19 Sep 2018

“Why is Good Copywriting Important?”

We’ve said it before and we’ll say it again – finding your voice matters. How you communicate your brand to clients, customers, investors and the public all stems from the tone that you give off in all your touchpoints.


Copywriting is not only a window into the way your brand works for consumers, it’s a chance for you to put your best foot forward. It’s an opportunity to relate to your target audience in a way that other aspects of the marketing strategy don’t allow for.


One of the most exciting things about copywriting is that it can turn even the most everyday products or services into catalysts for great storytelling.


Selling cars? You’re really selling the idea of luxury, exclusivity and status. Your copy doesn’t have to drone on about miles per gallon or horsepower, which could be important, but Instead, focus on the narrative of the buyer. How long did he or she research this car, why is it important to them, and what made this specific car the one they picked?


Selling a Mercedes? The same principle applies. You’re selling nostalgia, and the child-like feeling of joy that most people still get when they unwrap a candy bar.


Take Krispy Kreme for an example.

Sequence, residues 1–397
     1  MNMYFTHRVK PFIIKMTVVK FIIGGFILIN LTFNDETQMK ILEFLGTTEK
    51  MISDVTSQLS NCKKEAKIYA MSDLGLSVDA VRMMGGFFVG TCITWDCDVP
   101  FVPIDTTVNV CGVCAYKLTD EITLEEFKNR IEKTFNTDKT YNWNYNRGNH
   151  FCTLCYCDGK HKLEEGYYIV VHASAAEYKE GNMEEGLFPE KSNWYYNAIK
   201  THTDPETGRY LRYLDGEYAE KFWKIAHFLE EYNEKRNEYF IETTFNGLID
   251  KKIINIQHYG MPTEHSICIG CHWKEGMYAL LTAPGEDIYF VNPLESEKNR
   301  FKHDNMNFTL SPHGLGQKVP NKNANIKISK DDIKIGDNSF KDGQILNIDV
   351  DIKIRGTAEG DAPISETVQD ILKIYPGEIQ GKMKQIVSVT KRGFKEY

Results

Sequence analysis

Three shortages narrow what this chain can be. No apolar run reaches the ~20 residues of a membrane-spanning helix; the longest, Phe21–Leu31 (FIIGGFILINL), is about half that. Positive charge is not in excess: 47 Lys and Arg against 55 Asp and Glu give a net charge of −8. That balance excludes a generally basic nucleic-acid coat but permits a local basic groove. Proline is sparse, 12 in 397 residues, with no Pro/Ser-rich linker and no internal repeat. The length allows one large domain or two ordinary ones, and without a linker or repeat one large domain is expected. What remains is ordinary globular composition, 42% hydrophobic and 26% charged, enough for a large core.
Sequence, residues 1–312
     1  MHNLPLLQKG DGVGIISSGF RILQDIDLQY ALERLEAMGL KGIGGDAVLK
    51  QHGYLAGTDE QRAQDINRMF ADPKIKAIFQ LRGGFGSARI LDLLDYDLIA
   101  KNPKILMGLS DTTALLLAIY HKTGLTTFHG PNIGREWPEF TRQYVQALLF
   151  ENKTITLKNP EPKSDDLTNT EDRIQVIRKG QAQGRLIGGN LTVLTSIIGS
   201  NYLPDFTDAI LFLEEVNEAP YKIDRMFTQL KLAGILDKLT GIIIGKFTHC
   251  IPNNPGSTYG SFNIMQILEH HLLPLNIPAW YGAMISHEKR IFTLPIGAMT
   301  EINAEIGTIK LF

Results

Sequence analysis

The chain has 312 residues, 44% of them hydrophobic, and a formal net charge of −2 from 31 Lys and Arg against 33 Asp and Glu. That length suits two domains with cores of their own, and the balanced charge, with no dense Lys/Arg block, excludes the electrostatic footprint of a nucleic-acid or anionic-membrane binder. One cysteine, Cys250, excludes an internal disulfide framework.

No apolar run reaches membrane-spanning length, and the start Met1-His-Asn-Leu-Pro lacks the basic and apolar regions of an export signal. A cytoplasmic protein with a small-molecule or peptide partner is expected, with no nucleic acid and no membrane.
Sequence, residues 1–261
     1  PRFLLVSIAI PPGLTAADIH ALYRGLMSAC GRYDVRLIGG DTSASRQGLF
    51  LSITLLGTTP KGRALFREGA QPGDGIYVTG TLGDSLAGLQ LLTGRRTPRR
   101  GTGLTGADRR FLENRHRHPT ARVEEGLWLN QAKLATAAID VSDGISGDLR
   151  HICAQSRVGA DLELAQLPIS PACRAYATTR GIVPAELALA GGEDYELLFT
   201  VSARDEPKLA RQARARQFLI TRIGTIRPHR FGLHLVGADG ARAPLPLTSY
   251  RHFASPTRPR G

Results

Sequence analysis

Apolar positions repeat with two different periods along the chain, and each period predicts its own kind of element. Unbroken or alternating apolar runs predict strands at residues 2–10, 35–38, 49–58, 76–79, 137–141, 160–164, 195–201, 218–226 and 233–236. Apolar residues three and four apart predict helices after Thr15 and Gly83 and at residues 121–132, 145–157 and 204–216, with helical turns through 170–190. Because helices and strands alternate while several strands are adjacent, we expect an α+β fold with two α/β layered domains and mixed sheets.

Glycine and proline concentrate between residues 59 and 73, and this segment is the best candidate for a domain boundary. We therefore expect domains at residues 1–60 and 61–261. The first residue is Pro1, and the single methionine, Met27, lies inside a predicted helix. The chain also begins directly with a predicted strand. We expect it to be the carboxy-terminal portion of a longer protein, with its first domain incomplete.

In an attempt to sell doughnuts, they go into great detail on why doughnuts are bad for you. Of course, they also point out that loud music is bad for you too, as is sugar, and really, anything that makes life worth living. The beauty of this copy is that it’s not lying to you. In fact, it’s telling you something you might not want to hear. But, really, they’re telling you to treat yourself. Who doesn’t deserve a doughnut every once in a while?


So, why does this work?


It’s simple – relatability.


In the mind of the reader, Krispy Kreme is no longer a faceless corporation. Instead, they’re a friendly voice in your head telling you that – hey, it’s okay if you want to reach for that second doughnut.


Come to think of it, I’m a little hungry now…


Adam is a graduate of Colorado State University (bachelor’s degree in marketing), and he has experience on both the client and agency side of the marketing world. These experiences led him to come up with a unique, more efficient business model, which he’s incorporated into Encite Marketing. Adam sets the strategic direction for all Encite projects, developing integrated marketing campaigns that bring results. He takes a consultative approach with clients, educating them about how the process works, and keeping them in the loop about end goals, steps, and tasks.